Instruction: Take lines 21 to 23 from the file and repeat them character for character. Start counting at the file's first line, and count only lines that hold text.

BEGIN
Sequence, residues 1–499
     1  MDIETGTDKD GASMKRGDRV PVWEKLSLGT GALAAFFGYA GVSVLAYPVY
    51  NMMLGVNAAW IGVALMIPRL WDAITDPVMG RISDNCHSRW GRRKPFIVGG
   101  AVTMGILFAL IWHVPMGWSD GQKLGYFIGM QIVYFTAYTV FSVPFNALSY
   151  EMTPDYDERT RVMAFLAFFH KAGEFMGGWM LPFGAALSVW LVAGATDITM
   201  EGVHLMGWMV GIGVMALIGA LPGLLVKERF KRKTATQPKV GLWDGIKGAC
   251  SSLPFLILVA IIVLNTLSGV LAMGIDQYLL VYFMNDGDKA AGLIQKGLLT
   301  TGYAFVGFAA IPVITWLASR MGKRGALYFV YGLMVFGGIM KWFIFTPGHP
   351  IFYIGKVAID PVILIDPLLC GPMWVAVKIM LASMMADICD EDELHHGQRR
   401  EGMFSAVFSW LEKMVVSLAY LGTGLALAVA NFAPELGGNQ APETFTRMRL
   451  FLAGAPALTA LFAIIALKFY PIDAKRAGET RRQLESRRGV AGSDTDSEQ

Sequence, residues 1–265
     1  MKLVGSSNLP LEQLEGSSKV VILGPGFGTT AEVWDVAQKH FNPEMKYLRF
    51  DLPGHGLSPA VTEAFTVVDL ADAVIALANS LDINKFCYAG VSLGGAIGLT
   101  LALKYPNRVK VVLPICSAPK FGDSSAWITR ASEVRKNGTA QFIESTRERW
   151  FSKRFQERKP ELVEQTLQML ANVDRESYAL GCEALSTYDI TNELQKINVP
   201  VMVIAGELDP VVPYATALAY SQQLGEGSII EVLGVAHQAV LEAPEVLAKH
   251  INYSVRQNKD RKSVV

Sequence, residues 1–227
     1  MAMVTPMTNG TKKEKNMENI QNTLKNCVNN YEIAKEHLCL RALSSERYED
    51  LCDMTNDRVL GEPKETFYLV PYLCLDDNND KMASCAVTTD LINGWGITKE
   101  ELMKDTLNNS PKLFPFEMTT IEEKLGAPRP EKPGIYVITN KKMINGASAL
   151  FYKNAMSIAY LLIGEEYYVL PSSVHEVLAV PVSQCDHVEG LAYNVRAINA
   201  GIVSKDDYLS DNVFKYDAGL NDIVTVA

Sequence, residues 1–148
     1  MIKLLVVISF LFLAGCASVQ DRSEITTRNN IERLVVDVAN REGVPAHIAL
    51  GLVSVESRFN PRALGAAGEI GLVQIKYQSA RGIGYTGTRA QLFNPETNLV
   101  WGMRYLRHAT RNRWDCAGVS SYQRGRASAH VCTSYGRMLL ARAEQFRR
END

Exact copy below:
    51  LCDMTNDRVL GEPKETFYLV PYLCLDDNND KMASCAVTTD LINGWGITKE
   101  ELMKDTLNNS PKLFPFEMTT IEEKLGAPRP EKPGIYVITN KKMINGASAL
   151  FYKNAMSIAY LLIGEEYYVL PSSVHEVLAV PVSQCDHVEG LAYNVRAINA